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Circulating levels of liver enzymes and incidence of atrial fibrillation: the Atherosclerosis Risk in Communities cohort
  1. Alvaro Alonso1,
  2. Jeffrey R Misialek1,
  3. Mohamed A Amiin1,
  4. Ron C Hoogeveen2,
  5. Lin Y Chen3,
  6. Sunil K Agarwal4,5,
  7. Laura R Loehr6,
  8. Elsayed Z Soliman7,
  9. Elizabeth Selvin4
  1. 1Division of Epidemiology and Community Health, School of Public Health, University of Minnesota, Minneapolis, Minneapolis, USA
  2. 2Department of Medicine, Baylor College of Medicine and Methodist DeBakey Heart & Vascular Center, Houston, Texas, USA
  3. 3Division of Cardiology, University of Minnesota Medical School, Minneapolis, Minneapolis, USA
  4. 4Department of Epidemiology, Johns Hopkins Bloomberg School of Public Health, Baltimore, Maryland, USA
  5. 5Department of Medicine, Johns Hopkins University School of Medicine, Baltimore, Maryland, USA
  6. 6Department of Epidemiology, Gillings School of Public Health, University of North Carolina, Chapel Hill, North Carolina, USA
  7. 7Epidemiological Cardiology Research Center (EPICARE), Wake Forest School of Medicine, Winston-Salem, North Carolina, USA
  1. Correspondence to Dr Alvaro Alonso, Division of Epidemiology and Community Health, School of Public Health, University of Minnesota, 1300 S 2nd St, Suite 300, Minneapolis, MN 55454, USA; alonso{at}umn.edu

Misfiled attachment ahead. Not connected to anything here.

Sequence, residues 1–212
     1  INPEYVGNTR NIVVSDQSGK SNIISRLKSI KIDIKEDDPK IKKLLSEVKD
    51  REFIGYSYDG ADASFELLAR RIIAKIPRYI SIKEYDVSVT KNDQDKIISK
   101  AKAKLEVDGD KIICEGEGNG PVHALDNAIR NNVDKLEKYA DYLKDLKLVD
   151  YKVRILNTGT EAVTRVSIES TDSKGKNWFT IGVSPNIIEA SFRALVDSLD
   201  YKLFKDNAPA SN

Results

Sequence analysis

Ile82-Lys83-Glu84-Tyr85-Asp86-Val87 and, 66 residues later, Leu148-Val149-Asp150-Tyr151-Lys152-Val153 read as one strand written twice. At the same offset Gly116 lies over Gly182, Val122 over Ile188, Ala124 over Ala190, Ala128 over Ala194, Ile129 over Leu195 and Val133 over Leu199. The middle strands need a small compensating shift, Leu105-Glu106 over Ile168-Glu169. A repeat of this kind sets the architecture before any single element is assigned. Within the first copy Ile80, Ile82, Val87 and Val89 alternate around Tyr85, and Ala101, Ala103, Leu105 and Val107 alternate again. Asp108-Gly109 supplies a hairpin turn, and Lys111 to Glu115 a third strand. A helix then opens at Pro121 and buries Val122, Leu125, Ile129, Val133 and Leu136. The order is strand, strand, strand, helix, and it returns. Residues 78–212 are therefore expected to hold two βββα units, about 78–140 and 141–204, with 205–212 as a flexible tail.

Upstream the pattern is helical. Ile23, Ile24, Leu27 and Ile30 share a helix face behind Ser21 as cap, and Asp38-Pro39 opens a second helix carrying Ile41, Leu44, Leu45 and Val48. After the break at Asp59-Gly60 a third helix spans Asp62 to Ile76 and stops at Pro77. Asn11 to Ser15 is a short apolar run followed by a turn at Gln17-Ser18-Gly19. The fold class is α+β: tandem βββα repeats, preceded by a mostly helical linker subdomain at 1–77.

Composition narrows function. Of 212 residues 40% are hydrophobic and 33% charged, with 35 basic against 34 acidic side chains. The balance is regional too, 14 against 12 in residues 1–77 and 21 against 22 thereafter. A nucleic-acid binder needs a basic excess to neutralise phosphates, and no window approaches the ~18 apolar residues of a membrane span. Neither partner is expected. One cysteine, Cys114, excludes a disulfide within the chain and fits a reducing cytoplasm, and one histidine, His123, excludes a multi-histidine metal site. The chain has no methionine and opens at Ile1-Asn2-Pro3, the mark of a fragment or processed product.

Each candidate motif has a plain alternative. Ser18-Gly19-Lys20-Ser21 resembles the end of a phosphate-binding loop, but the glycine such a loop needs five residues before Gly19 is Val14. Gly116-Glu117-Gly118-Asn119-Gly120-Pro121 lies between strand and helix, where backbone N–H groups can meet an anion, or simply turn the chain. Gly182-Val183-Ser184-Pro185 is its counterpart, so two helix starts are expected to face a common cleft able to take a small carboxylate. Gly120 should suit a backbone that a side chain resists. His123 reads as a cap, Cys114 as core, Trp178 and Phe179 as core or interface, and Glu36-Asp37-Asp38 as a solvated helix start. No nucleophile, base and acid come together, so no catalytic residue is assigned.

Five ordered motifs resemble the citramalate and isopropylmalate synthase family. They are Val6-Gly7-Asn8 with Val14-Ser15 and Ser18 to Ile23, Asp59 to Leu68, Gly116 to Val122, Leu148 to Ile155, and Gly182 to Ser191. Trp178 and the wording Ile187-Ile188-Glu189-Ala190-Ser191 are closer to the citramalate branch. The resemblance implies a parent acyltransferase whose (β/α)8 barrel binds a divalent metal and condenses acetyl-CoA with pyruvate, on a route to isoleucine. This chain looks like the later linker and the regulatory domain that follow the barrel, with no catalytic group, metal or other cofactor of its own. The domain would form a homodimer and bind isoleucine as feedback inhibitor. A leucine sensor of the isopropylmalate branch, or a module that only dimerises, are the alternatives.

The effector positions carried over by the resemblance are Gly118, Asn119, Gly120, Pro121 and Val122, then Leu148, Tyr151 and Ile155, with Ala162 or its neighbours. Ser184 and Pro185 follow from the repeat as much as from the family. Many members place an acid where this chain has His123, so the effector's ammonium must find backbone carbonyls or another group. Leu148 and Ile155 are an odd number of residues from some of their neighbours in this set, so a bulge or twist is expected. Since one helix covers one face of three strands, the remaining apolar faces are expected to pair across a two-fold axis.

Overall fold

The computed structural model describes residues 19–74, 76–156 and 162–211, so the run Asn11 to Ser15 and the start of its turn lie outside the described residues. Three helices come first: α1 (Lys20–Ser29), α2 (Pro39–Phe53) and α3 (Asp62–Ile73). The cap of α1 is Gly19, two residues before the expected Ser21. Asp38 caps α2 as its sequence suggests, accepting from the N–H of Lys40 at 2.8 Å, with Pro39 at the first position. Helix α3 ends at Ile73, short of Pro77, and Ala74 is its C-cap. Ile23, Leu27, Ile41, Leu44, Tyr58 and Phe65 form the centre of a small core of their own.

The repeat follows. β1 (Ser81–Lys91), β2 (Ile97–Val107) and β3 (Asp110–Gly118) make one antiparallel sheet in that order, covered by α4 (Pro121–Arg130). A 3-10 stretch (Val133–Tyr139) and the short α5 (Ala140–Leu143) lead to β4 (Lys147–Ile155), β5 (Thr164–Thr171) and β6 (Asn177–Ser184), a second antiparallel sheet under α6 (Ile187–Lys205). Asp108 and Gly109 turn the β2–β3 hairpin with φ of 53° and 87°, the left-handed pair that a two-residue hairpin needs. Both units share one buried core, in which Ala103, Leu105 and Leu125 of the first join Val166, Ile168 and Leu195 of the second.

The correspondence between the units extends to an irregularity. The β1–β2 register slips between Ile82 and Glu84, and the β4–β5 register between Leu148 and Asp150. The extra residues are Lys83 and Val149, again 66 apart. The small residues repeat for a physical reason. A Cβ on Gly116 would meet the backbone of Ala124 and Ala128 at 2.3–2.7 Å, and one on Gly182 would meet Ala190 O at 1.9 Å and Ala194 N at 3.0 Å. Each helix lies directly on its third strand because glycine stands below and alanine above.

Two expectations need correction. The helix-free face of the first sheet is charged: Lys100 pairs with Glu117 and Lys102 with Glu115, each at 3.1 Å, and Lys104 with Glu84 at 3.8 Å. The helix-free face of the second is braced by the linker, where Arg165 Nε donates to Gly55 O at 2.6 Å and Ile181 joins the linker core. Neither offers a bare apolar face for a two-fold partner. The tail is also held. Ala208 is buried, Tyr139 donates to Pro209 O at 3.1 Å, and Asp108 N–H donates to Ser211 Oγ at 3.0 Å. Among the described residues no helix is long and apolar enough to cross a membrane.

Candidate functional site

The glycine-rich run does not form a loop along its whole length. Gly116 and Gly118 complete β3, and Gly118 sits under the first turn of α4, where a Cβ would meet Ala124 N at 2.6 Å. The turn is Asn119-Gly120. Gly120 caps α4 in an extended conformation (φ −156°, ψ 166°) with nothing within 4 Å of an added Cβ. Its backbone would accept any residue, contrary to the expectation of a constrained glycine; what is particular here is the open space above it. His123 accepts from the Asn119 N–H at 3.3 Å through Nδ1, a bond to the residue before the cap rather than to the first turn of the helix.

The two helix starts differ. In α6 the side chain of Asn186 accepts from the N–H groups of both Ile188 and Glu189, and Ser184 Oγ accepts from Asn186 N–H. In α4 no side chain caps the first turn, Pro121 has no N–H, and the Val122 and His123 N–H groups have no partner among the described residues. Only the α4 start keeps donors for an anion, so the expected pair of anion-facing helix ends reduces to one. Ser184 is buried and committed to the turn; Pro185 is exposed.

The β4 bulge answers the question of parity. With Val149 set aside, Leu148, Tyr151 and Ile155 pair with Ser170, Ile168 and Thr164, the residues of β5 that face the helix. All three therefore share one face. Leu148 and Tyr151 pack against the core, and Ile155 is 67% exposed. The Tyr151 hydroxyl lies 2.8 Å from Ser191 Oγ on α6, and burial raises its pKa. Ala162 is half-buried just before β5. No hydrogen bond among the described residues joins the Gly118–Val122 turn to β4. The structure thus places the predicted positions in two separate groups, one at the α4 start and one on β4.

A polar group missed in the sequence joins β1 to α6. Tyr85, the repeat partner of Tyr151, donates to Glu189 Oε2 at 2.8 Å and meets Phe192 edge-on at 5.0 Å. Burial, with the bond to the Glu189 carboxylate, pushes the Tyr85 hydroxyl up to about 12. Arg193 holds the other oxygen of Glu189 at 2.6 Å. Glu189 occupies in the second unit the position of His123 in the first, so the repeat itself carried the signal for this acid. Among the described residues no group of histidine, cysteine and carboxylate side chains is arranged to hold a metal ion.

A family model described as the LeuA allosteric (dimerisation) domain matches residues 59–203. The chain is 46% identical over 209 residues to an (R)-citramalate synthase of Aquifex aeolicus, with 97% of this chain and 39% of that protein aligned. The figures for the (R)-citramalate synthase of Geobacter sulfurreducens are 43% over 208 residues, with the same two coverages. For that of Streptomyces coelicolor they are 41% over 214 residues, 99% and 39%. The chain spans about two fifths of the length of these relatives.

Abstract

Background Elevated levels of circulating liver enzymes have been associated with increased risk of cardiovascular disease. Their possible association with atrial fibrillation (AF) has received little attention.

Methods We studied 9333 men and women, aged 53–75 years, free of AF, participating in the Atherosclerosis Risk in Communities Study followed-up from 1996 to 2010. Aspartate aminotransferase (AST), alanine aminotransferase (ALT), and γ glutamyl transpeptidase (GGT) were measured in stored plasma samples. Incident AF was ascertained from hospitalisations and death certificates. Associations between liver enzymes and AF incidence were assessed using multivariable Cox proportional hazards models.

Results During a mean follow-up of 12 years, 1021 incident AF events were identified. Levels of AST, and to a lesser extent ALT, showed a U-shaped association with AF risk, with higher AF risk among individuals in the two extremes of the distribution in minimally adjusted models. The associations were weakened after adjustment for potential confounders. By contrast, GGT, modelled as log base 2, was linearly associated with AF risk after multivariable adjustment: a doubling of GGT levels was associated with a 20% increased risk of AF (95% CI 10% to 30%). Additional adjustment for inflammatory markers did not appreciably affect the results. Associations were not different in men and women, in whites and blacks, among never drinkers of alcohol, and among those without prevalent heart failure.

Conclusions In this community-based prospective study, higher levels of liver enzymes, mainly GGT, were associated with an increased risk of AF. The mechanisms underlying this association deserve further scrutiny.

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